May 18, 2021 - Offering interventions to young people in the general community can prevent the emergence of certain mental health disorders, according to the first comprehensive systematic review to address this question. The results appear in the May/June issue of Harvard Review of Psychiatry, which is published in the Lippincott portfolio by Wolters Kluwer.
"Preventive interventions for poor mental health outcomes in young people are feasible and appear to be effective," according to the review by Gonzalo Salazar de Pablo, MD, and Andrea De Micheli, MD, of King's College London, and colleagues. Evidence suggests that young people respond well to early interventions.
Universal and selective interventions reduce risk of most mental disorders The researchers systematically reviewed decades of medical literature and found 295 studies in which individuals under 35 years old were randomly assigned to a mental health preventive intervention or a control group. Most studies examined psychoeducation (37 percent) or psychotherapy (28 percent), whereas 18 percent explored both and 17 percent involved other types of interventions.
Forty percent of the studies investigated universal interventions, which target a general population - for example, a high school assembly about alcohol use is a universal intervention. Other studies focused on selective interventions, which target symptom-free individuals who are considered at high risk of developing a mental disorder. Seventy percent of the studies were conducted in North America or Europe.
All told, 447,206 young individuals participated: 234,330 in intervention groups and 212,876 in control groups. The average age of the participants was 15 years, but they ranged from infants under 1 year to adults 34 years old.
The researchers combined the results of all studies using a statistical process called meta-analysis. Compared with control conditions, the 17 mental health disorders studied fell into three groups:
- Risk reduced by both universal and selective prevention measures: affective (mood) symptoms, alcohol use and its consequences, anxiety features, conduct problems, interpersonal violence, general psychological distress, posttraumatic stress disorder, tobacco use, and "other" emotional and behavioral problems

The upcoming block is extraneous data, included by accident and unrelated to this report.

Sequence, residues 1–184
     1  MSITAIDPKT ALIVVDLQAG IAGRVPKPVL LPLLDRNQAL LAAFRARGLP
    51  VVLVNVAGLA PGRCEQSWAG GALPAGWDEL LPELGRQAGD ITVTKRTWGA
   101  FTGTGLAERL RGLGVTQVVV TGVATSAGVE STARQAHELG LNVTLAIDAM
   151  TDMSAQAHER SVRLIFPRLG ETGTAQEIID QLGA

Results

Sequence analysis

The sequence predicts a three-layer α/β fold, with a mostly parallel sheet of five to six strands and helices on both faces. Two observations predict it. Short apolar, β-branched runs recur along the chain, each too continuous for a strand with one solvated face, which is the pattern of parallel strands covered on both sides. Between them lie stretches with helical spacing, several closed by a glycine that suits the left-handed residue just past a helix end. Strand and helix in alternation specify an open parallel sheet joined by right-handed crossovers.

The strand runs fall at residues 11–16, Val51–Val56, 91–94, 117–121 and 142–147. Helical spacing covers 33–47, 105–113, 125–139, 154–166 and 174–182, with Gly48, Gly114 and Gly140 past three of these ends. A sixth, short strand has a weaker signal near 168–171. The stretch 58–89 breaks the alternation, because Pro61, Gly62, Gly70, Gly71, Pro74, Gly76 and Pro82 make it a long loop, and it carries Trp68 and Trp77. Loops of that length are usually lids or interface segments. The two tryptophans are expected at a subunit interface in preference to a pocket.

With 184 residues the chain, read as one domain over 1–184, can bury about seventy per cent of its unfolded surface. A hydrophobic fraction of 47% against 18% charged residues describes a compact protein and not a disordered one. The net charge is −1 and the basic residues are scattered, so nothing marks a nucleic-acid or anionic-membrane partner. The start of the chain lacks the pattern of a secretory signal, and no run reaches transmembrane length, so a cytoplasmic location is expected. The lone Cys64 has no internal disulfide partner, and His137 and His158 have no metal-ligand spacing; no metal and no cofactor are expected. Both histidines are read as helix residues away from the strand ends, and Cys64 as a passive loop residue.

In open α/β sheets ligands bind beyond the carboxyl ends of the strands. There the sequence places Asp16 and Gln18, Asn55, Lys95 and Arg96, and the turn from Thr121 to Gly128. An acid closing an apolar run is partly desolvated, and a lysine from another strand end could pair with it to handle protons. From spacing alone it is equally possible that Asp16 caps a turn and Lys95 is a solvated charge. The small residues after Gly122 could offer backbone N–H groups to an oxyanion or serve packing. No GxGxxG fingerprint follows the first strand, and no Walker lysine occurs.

- Risk marginally reduced by both universal and selective prevention measures: attention-deficit/hyperactivity (ADHD) features, cannabis use, and externalizing behaviors (e.g., aggressive or antisocial)
- Risk not reduced by either universal or selective prevention measures: eating-related problems, impaired functioning, internalizing behaviors (e.g., fearful, anxious, or inhibited), and sleep-related problems
Psychoeducation interventions were particularly promising for ADHD features, affective symptoms, or interpersonal violence. Psychotherapy was most effective for anxiety features.
Even for interventions that showed some ability to prevent mental health problems, the effect sizes (the magnitude of the improvements) were small. However, Dr. Salazar de Pablo, Dr. De Micheli, and colleagues note: "Since these samples are typically young and not yet affected by psychiatric conditions, small effect sizes...can potentially translate into relevant benefits in the longer term--if the intervention is provided to enough individuals."
Click here to read "Universal and Selective Interventions to Prevent Poor Mental Health Outcomes in Young People: Systematic Review and Meta-analysis."
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The Harvard Review of Psychiatry is the authoritative source for scholarly reviews and perspectives on a diverse range of important topics in psychiatry. Founded by the Harvard Medical School Department of Psychiatry, the journal is peer reviewed and not industry sponsored. It is the property of Harvard University and is affiliated with all of the Departments of Psychiatry at the Harvard teaching hospitals. Articles encompass major issues in contemporary psychiatry, including neuroscience, epidemiology, psychopharmacology, psychotherapy, history of psychiatry, and ethics.
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Harvard Review of Psychiatry